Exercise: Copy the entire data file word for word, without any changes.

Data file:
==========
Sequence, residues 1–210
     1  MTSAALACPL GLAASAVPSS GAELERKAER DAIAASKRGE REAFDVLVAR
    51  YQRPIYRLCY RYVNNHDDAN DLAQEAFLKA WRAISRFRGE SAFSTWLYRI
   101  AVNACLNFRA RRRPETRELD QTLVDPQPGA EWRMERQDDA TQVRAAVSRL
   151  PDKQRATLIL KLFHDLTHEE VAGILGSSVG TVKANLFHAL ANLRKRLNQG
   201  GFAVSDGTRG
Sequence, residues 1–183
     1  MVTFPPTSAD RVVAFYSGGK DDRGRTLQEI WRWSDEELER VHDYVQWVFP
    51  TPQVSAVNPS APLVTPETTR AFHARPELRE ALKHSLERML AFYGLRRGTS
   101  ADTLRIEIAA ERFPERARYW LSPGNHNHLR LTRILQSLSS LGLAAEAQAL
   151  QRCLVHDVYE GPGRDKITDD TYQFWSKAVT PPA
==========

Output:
Sequence, residues 1–210
     1  MTSAALACPL GLAASAVPSS GAELERKAER DAIAASKRGE REAFDVLVAR
    51  YQRPIYRLCY RYVNNHDDAN DLAQEAFLKA WRAISRFRGE SAFSTWLYRI
   101  AVNACLNFRA RRRPETRELD QTLVDPQPGA EWRMERQDDA TQVRAAVSRL
   151  PDKQRATLIL KLFHDLTHEE VAGILGSSVG TVKANLFHAL ANLRKRLNQG
   201  GFAVSDGTRG
Sequence, residues 1–183
     1  MVTFPPTSAD RVVAFYSGGK DDRGRTLQEI WRWSDEELER VHDYVQWVFP
    51  TPQVSAVNPS APLVTPETTR AFHARPELRE ALKHSLERML AFYGLRRGTS
   101  ADTLRIEIAA ERFPERARYW LSPGNHNHLR LTRILQSLSS LGLAAEAQAL
   151  QRCLVHDVYE GPGRDKITDD TYQFWSKAVT PPA